Andrew M. White
Insecurely configured endpoints are a major risk for both organizations and individuals, one which is particularly hard to address in an increasingly bring-your-own-device world. Netflix works with hundreds of individual contractors, companies, vendors and other third-parties who need access to corporate data and services. These third-parties often have their own devices which Netflix does not own and cannot control yet must secure.
To address these issues, we developed the Stethoscope native app, a tool which recommends to the user configuration changes to improve the security of their device and optionally allows organizations to verify device configuration at authentication time. The app, designed to avoid the operational burdens and risks of traditional systems management tooling, does not require administrator access, is read-only, and is open-source. It guides users through securely configuring their device while providing the context they need to understand why these changes are important. Incorporating Stethoscope into an endpoint strategy helps provide security without the need to fully control or own devices.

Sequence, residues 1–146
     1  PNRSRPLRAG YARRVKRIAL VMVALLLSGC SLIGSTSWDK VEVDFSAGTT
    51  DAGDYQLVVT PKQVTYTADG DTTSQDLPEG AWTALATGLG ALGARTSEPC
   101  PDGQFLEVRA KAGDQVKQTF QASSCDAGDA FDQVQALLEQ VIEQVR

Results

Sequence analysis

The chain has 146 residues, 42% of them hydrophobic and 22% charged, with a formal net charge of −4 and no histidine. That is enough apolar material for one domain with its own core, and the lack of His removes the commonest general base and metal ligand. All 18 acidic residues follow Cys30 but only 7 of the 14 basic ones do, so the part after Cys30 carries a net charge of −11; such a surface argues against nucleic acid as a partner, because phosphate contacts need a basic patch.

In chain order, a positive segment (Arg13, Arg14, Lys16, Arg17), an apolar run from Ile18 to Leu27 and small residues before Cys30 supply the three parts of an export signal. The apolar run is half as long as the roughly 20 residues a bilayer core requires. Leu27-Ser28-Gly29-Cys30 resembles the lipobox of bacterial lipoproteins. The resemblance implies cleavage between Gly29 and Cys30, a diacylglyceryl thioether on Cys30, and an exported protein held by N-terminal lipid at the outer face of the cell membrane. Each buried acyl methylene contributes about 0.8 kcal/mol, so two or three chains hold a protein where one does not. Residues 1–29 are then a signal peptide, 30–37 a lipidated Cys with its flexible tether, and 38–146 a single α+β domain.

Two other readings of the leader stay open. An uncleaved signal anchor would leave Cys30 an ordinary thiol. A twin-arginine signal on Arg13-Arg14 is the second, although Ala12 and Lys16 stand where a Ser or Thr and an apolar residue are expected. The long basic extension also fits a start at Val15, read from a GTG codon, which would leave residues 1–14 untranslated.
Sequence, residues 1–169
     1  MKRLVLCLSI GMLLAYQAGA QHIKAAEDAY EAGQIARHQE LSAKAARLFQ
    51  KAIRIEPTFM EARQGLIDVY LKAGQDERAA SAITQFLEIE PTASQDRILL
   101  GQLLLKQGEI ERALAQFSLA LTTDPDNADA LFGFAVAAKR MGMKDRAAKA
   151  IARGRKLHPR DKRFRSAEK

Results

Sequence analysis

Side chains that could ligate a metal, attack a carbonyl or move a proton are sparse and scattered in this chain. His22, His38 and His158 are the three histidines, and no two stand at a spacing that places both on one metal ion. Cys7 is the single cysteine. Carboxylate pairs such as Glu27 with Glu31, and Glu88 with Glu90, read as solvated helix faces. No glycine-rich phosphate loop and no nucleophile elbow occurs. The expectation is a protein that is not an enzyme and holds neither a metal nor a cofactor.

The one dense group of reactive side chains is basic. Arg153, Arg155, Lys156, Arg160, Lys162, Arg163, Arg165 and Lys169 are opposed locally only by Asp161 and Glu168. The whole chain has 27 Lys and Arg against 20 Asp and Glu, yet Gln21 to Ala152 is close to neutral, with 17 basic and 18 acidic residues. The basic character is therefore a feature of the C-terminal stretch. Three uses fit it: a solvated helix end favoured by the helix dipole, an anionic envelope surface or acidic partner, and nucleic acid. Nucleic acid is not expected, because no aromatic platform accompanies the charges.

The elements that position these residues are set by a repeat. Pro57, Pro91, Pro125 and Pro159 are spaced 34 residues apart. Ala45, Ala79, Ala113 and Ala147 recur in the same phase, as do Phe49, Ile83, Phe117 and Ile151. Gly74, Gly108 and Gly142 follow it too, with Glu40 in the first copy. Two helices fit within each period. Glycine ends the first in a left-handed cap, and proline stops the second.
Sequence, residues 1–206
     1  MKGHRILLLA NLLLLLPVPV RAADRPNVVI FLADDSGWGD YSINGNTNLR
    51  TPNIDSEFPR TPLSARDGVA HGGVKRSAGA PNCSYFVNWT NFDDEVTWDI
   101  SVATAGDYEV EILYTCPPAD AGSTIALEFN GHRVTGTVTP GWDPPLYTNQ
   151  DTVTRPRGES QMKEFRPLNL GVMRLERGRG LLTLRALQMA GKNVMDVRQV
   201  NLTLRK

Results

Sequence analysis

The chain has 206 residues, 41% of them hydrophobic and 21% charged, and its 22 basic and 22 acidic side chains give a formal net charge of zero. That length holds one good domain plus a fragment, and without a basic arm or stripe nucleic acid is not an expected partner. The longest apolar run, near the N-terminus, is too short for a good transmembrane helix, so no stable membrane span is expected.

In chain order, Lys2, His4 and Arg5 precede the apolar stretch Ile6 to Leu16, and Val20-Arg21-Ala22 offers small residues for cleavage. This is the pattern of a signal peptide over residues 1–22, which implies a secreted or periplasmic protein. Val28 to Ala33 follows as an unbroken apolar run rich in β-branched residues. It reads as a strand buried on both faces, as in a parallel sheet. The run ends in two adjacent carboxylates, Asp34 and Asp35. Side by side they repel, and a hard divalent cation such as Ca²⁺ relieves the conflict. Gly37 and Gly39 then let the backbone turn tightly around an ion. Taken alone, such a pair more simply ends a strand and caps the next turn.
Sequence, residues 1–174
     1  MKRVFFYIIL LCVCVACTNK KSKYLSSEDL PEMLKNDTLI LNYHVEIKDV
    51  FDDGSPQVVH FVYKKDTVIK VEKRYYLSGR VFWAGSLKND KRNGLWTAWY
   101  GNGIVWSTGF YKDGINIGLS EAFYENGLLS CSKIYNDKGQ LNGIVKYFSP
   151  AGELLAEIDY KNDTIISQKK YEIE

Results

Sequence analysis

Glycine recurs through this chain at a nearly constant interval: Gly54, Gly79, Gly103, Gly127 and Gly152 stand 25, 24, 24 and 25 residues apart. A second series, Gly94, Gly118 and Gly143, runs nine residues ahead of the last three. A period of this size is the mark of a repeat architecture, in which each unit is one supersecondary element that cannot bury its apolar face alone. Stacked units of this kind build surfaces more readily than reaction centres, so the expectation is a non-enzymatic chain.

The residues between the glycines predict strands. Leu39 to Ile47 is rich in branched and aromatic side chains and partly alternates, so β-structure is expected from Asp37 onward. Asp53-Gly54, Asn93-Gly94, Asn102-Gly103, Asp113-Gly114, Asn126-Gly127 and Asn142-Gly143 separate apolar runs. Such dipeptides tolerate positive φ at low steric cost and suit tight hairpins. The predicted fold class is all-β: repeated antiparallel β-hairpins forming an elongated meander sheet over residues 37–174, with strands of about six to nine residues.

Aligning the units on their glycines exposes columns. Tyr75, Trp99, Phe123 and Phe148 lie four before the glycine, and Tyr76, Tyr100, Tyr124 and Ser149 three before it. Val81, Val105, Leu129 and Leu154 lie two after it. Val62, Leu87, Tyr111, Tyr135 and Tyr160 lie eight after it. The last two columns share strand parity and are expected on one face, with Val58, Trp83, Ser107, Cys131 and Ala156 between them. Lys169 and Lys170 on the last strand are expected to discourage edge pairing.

Andrew worked on user-focused security and behavioral analytics for anomaly detection at Netflix. He holds a PhD in Computer Science from the University of North Carolina at Chapel Hill; his dissertation dealt primarily with mitigating and exploiting side channels in encrypted network traffic.